The Baron’s Hangar: Realistic Scene Building

The Baron’s Hangar: Realistic Scene Building

Umar Khan gave a detailed breakdown of his most recent personal project, based on the concept by Dan Brown. He talked about the production, creation of assets, materials and the whole composition of the scene in Unreal Engine 4.

Umar Khan gave a detailed breakdown of his most recent personal project, based on the concept by Dan Brown. He talked about the production, creation of assets, materials and the whole composition of the scene in Unreal Engine 4. The final result is extremely good.






Hi! My name is Umar Khan, I am soon to graduate from Staffordshire University. I enjoy creating 3D environments and vehicles. I was working with new programs and discovering different methods to create assets with this project. It was a great learning experience.

The Baron’s Hangar

This environment is based on a CGI scene from Dan Brown. Utilising Unreal Engine 4 because of its capabilities and ease of use. I will be sharing a small breakdown of my workflow and methods.





I first blocked out the scene using BSP brushes within UE4 and also modelling some of the blockout meshes. This gives me a sense of scale and also tells me how I can make the meshes modular because I export the BSP’s into Autodesk Maya and use that to setup my grid and work forward from there. Setting up the camera early is something I like to do as well, so I can see which assets need higher priority.





All of my meshes were modelled in Maya, some of them are following the concept and others based on using external reference which I start gathering before starting a project. I use pinterest which is great to store references and inspiration for a project. I created the meshes with modularity in mind from the start making them usable in different ways and by making sure it is optimal. Keeping the pivots to the left corner of almost every mesh so they can easily be snapped to each other.


To create the mountain in the background I followed a great world machine tutorial by Iri Shinsoj on youtube.

By tweaking some of the parameters in World Machine I was able to get a snowy effect on the mountain. I exported the texture and height map which I then put in UE4 and applied the albedo and repeated it a number of times.

The pipes and wires were made using a spline blueprint which I also followed a simple tutorial from Playful Synapse. By following the steps with my own mesh I was able to place them however I wanted.


I started the texturing phase by creating 2 basic master materials which I can use to overlay repeatable maps with any mesh. Using Quixel I created 3 repeatable materials which I can adjust intensity and other parameters. Material ID’s are now used for a number of programs, by exporting a mesh with different material ID’s I can assign them to the mesh, this saves time and creates a high quality asset.



Knald was used first to create a lowpoly AO map which uses the same model for high and low to get a basic AO map, this applied to a lot of the meshes but not all. Substance Painter was then used to create normals using alphas. Exporting out of Substance gives a height map and a normal map I then use the height map in Knald to create an AO map, a lot of programs could be used for that. Both of the AO maps are then multiplied in photoshop.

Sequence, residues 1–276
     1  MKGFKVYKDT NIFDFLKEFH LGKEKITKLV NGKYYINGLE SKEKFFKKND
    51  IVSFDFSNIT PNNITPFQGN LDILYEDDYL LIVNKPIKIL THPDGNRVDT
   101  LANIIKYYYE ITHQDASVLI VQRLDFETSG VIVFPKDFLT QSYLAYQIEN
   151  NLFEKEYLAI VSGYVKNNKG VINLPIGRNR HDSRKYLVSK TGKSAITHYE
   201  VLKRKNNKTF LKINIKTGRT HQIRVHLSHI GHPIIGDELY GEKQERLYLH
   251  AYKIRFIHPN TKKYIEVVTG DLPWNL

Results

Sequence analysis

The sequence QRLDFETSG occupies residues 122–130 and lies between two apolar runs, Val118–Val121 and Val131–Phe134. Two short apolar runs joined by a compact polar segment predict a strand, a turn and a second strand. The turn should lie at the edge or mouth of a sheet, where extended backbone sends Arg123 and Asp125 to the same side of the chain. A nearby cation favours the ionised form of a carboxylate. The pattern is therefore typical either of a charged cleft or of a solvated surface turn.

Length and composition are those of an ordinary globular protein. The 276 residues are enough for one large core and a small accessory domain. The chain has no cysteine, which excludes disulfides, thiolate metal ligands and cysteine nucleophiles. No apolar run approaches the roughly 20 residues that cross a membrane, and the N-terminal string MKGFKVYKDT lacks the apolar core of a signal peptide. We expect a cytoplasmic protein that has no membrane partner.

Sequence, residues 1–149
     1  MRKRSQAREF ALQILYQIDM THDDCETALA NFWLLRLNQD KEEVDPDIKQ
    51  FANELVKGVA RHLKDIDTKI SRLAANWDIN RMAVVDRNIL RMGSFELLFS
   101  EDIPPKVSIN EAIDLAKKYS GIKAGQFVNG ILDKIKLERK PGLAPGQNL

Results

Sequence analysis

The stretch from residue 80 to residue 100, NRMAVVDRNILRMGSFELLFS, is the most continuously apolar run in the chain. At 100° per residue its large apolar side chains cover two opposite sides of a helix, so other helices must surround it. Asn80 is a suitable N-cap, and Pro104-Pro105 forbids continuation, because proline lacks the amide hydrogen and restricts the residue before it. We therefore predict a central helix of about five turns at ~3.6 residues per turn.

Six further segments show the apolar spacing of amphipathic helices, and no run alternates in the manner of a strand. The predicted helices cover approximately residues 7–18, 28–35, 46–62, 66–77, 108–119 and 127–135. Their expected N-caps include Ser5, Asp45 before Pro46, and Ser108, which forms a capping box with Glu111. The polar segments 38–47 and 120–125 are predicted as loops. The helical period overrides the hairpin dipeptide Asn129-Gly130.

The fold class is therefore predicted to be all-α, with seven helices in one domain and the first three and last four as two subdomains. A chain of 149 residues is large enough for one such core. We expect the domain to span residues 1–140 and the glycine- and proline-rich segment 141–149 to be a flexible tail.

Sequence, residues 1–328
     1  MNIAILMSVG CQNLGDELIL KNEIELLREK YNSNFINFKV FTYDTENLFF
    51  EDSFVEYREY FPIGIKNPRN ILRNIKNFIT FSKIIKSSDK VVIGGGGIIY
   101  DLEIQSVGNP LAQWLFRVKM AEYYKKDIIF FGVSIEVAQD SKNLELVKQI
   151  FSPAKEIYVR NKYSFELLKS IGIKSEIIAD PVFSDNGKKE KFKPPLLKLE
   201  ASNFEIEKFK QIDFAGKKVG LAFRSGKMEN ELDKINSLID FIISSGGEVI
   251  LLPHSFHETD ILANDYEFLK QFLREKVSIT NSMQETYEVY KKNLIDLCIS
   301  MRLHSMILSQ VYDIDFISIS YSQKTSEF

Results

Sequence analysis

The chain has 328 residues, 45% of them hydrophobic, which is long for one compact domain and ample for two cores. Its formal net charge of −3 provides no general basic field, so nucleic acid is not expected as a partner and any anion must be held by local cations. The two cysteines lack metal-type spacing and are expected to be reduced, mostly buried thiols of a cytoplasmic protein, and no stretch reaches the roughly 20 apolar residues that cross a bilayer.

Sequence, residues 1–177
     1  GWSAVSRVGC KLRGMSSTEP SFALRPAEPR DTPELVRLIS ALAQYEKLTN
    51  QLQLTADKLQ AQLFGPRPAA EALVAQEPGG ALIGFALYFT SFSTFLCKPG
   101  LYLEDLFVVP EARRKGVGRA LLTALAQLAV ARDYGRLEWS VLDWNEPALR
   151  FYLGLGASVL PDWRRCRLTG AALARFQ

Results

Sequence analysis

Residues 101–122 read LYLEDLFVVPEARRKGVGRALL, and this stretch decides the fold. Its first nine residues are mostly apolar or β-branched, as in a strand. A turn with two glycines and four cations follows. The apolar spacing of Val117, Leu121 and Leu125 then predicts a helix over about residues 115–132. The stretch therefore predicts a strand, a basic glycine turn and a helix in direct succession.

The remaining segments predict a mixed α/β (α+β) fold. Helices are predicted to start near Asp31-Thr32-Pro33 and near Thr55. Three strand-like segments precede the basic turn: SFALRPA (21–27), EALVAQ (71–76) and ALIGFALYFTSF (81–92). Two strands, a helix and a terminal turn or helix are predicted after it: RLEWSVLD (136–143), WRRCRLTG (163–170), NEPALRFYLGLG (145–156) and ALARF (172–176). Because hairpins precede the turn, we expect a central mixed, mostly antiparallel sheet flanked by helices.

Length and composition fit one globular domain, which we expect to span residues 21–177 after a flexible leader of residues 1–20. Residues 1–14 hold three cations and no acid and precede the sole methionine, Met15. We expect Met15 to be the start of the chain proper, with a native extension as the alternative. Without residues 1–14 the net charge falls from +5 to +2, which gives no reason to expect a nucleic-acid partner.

Quxiel was the main tool for texturing individual assets as I had limited time and a lot of meshes to texture. I create a material ID in Maya then add the maps to Quixel and assign materials to the ID’s. Once the base materials are applied I add more materials which I can paint using 3DO. At the very end I add decals or text to the project in Quixel and using 3DO I create imperfections to get a realistic look.



UE4’s lighting is great and very easy to get realistic results. Static lighting is the better way to go, as I tried both and static gave a sharper look. Lightmaps are the downfall of static lighting but it isn’t impossible to do. The fighter jet in the scene is quite a complex object but I managed to lightmap it perfectly. The way I did this was by splitting the jet up in 7 pieces which created more UV space for each lightmap which was set around 256 to 1024 according to the size of the grouped mesh. The trick to create lightmaps fast is to use selection constraints in your 3D package and split UVs along edges which are weighted at 90° or simply ‘hard’ in Maya. Keep your UV islands straight and add sufficient space between UV islands.

Some lights were set to dynamic and a very small fraction of meshes were not light mapped, this makes some of the lights kick in and out depending on the distance from the camera. Adding a smaller radius reflection sphere near a reflective object also increases the quality of the reflections captured.

Post Process

Without post process the scene would not look as great as it is. By turning down the lens flare and crushing shadows helped a lot. Mainly the post process volume was used to increase the contrast of the scene and add a yellow tint. A LUT colour grading was also used. Increasing AO and limiting some of the indirect lighting added a great atmosphere to the scene. Decals are also one of the last things I use to add the small variation in the scene and help break up any repetitive elements.



Unreal is a great engine for everyone and along with Substance and Quixel creating environments and assets becomes really easy and also produces very high quality results. Using these programs I will aim to create interesting environments





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